The cricket’s call, a sound familiar to almost everyone around the globe, can vary from isolated clicks to repetitive chirps to long trills. While the females are mute, most male crickets can be loud musicians, producing species-specific songs up to 100 decibels, about the same volume as a motorcycle or a power drill. They create their songs by a method that is very different from human vocalization.
Cricket Wings Are Acoustic Instruments
Male crickets use specialized parts of their tough and leathery front wings to create sound in much the same way that you might use a musical instrument. Each front wing has a hard ridge running across it, and on the underside of the ridge is a file, a single row of stiff notches similar to teeth on a comb. At the outer tip of the file is a small bump called a scraper.
Movements Produce Sound
To make their distinctive sound, the male crickets lift their wings and rub them together, running the scraper of one wing across the file of the other. This action, similar to running your thumbnail down the tips of a comb, is called stridulation. It creates vibrations that are then amplified by a flexible membrane right next to the file. This section of the wing is known as the harp due to its triangular shape, even though it acts more like a drum.
How Chirps Can Vary
Cricket songs can vary. If field crickets open and close their wings several times, it produces multiple chips. Longer, slower strums may produce the trills characteristic of tree crickets. When a mole cricket calls, he may stand at the entrance to his burrow in the ground. This position boosts his song’s volume, just as you can amplify a cell phone’s sound by placing it in an open cup or can. Crickets chirp faster in warm weather, and the snowy tree cricket has even earned a reputation as a thermometer since you can count the number of chirps for 14 seconds and then multiply by 40 to get a close approximation of the Fahrenheit temperature.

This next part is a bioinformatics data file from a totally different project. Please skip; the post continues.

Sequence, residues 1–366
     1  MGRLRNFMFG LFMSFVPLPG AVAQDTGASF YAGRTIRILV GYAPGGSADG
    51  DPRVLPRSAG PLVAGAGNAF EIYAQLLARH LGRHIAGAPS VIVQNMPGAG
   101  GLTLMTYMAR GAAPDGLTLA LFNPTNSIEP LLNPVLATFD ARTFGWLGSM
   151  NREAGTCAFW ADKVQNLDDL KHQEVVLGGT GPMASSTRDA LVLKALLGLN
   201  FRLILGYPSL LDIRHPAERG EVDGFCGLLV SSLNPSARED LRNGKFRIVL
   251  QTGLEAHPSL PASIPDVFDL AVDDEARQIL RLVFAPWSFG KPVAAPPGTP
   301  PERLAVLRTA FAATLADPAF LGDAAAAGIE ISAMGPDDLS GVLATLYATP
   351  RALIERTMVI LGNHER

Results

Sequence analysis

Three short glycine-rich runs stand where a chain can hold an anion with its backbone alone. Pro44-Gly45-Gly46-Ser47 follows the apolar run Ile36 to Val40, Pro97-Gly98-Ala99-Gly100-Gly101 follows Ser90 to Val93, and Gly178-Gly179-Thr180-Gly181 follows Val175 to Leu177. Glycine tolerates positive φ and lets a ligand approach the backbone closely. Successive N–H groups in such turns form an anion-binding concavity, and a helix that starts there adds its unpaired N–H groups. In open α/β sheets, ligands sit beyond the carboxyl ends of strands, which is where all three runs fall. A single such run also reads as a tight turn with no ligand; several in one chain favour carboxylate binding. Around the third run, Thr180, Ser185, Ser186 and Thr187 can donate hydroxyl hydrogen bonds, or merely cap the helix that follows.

Why Does a Cricket Call?
Scientists say there are four main reasons why crickets make noise, each of which has its own different song.
- He is trying to attract a mate. This song is one of the loudest and also the most common. It is a general call, directed at any female cricket within earshot. It is also a warning to other males to stay away from his territory.
- He wants to woo a particular female cricket. If the male spots a female in the area, his song changes to a quieter love song, directed at her specifically.
- He is celebrating his mating success. Often after mating, the male will announce it with a short song.
- He is feeling aggressive or threatened. If another male approaches him, or if he sees another threat, he makes this sound.
Time and Season
Cricket songs increase at certain times of the day and seasons of the year. The reason for the time difference is that most crickets are nocturnal, less active during the day and more active at night. The seasonality, on the other hand, is due to the cricket life cycle. They only live one season and typically mate in late summer or early fall, which is when you hear them the most.
Fountain, Henry. “Block That Chirp: Volume Control in Crickets.” New York Times. N.p., 31 Jan. 2006. Web. 17 June 2016.
The Editors of Encyclopædia Britannica. “Cricket.” Encyclopedia Britannica Online. Encyclopedia Britannica, n.d. Web. 17 June 2016.
“Fall Field Cricket (Gryllus Pennslyvanicus).” Fall Field Cricket (Gryllus Pennslyvanicus). N.p., n.d. Web. 17 June 2016.